The upper echelons of the Church hierarchy are of course concerned that in time the Catholic priesthood will be seen wholly as a sanctuary for gay men, but this should hardly be an issue of concern so long as these priests legitimately believe in what the represent. But as by the media in general, Slate fails to speak to the uncomfortable fact that especially the “liberal” media finds too hot to the touch: that a few priests have found “celibacy” difficult, and have succumbed to unholy desire—and the victims of this “misconduct (mainly in the form of pedophilia),” and the perpetrators—are almost wholly of the same gender, and what that means. 

Most in the media fear to discuss the obvious, since the LGBTQ community is seen as “victim” class and it is feared to perpetrate negative stereotypes. Yet if sexual misconduct in the priesthood is in the “epidemic” stage, then it is irresponsible on the part of the media not to discuss the link, and it is equally irresponsible of the LGBTQ community to pretend it doesn’t exist and how to bring it under control. The Church also must come to grips with the fact that if an estimated 28 percent of priests are gay, it cannot simply pretend that they don’t have the potential for “problems” and not attempt to weed-out candidates for the priesthood who may not be able to “adjust” to the celibacy.  Just as in the issue of domestic violence, the problem won’t go away if you ignore the other side of the equation, just because if doing so “harms” the politically-correct narrative of victimhood that will not abide “company.”

Monday, August 14, 2017

The true measure of the man



While Donald Trump’s mindless rhetoric and threats in regard to North Korea and Venezuela reminds one of Greg Stillson from the Stephen King novel The Dead Zone and the horrific future that would-be president promised unless he was stopped, on the domestic front we have to come to grips with the fact that Trump and crew’s white nationalism is white supremacy, and we shouldn’t mistake it for anything else. Unless one is a white supremacist or just doesn’t give a damn about what is happening in this country, it is clear that something very bad has been occurring since the rise of the so-called “Tea Party,” outraged by the election of a black president in 2008, and the subsequent election of a unabashed white nationalist in 2016 feeding off white racial animus. If hypocritical CNN and the like had been honest about exposing the racist element behind far-right groups like the Tea Party since the beginning instead of giving them a “mainstream” platform, we might not be where we are now in this poisonous atmosphere of hate and paranoia.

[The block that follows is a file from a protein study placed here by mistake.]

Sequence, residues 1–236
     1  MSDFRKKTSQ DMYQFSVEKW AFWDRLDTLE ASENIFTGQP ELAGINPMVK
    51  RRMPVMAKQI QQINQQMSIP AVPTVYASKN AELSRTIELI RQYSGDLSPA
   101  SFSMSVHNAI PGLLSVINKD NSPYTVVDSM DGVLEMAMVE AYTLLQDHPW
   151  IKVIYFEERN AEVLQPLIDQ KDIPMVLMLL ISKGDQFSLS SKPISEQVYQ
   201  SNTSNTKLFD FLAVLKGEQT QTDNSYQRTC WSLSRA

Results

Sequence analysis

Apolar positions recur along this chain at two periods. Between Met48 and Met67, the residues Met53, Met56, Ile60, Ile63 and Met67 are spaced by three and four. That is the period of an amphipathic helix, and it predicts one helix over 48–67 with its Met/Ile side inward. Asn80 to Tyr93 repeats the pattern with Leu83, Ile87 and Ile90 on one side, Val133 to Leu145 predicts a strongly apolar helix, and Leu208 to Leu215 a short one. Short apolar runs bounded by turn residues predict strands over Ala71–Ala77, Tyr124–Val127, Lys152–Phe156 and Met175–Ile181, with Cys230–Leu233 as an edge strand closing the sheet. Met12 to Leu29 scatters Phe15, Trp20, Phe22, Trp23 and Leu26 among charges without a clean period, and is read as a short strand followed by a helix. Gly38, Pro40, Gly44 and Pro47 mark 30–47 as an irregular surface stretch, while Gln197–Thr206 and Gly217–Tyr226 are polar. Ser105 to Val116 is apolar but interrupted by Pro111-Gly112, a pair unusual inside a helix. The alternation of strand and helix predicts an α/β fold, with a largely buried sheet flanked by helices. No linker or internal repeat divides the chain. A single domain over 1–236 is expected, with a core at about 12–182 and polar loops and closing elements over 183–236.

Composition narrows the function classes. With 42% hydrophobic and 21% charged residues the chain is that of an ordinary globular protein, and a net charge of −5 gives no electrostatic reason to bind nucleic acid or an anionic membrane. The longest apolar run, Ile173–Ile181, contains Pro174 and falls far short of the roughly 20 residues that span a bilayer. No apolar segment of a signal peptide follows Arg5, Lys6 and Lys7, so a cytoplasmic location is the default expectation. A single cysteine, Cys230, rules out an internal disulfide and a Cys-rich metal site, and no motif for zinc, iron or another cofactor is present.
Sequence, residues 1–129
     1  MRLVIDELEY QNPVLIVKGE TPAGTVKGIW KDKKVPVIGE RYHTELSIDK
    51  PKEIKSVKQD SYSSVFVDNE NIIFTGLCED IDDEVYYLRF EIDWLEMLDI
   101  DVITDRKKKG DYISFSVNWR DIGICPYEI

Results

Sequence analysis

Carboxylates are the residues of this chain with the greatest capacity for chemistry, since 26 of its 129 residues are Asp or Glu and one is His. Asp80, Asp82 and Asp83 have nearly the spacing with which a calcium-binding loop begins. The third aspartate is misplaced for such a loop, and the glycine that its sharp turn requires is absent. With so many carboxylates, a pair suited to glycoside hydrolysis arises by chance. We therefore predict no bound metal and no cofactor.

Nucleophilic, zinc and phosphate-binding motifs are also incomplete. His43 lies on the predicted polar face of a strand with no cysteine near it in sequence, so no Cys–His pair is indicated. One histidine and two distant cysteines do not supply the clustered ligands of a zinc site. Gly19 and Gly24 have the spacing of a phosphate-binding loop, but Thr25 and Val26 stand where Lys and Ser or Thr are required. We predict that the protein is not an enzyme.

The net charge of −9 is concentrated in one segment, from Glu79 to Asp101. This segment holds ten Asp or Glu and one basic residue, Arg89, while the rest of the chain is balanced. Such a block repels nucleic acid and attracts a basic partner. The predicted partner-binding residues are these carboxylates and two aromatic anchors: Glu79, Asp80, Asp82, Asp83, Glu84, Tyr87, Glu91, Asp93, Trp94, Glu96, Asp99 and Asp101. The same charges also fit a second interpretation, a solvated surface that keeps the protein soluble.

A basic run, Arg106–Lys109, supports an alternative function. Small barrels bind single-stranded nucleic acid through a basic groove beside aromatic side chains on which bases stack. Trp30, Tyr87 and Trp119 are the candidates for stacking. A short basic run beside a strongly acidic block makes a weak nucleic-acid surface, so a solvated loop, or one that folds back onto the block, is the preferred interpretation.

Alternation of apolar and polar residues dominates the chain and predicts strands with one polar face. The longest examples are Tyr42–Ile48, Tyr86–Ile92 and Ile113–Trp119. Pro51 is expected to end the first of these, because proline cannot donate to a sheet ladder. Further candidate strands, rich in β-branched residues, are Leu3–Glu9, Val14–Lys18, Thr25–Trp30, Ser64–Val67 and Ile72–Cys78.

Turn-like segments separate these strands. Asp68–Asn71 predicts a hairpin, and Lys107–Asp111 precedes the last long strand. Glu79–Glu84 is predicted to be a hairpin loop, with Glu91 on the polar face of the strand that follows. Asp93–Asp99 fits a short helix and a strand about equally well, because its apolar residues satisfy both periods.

So Trump has finally bowed under pressure from his new chief of staff and from numerous Republican senators and issued a “forceful” denunciation of the white hate groups involved in the violence in Charlottesville, VA. But let us remember that he only did this under pressure; his initial reaction was the true measure of the man. John Oliver on HBO pointed out that it is the easiest thing in the world to denounce Nazis, but shockingly Trump could not bring himself to do even that at his press conference on Saturday. He did not want to antagonize the base of support that he knows very well is largely responsible for him being elected because they knew that he himself is a white nationalist and self-identifies with the white “victimhood.” Why else would they parade about shouting "Hail Trump"?

I felt little but disgust with Trump’s hypocrisy today, calling for “love” and “equality” when his own Justice Department is in the midst of using its civil rights division to attack policies that “victimize” privileged whites. When Attorney General Jeff Sessions appeared on NBC’s Today show to defend Trump’s initial reactions, the utter visage of race hate was clearly to be seen when the black host pointed out the hypocrisy of Sessions’ defense of Trump after the neo-Nazi website The Daily Stormer praised Trump’s statement as a sign of support; the plantation master Sessions clearly hates to be “scolded” for his racial hypocrisy by black commentators.

One should feel not only disgust at the spectacle of neo-Nazis, the KKK and assorted Caucasian domestic terrorists on parade in Charlottesville—during which a white supremacist drove a vehicle into a crowd of anti-fascist protesters, killing one and injuring 19—but of our so-called president’s response to it. The Race Baiter-in-Chief, who consistently uses racist “dog whistle” tweets and commentary to “reassure” his base on his faithfulness to the “cause” of white nationalism and “victimhood” is, as his chief “strategist” Steve Bannon has said, the alt-right’s “blunt instrument” to carry out their racist agenda on behalf of whites who believe “their” country is being “stolen” from them by blacks, Hispanics and Jews.

Trump, no doubt under the spell of white nationalists like Bannon, Sessions, Steven Miller and the unabashedly fascist Sebastian Gorka, is loath to offend his racist base, which he managed to do anyways with his weak-kneed “many sides” were to blame statement; KKK leader David Duke—who as a student at LSU was often seen parading about in a Nazi storm trooper outfit passing out the party’s propaganda—was apparently incensed that Trump would even hint that maybe those purveyors of race hate parading about with torches, guns and combat shields could possibly be faulted. Trump needed to look in the mirror, said Duke, see that pallid face and realize who put him in office in the first place.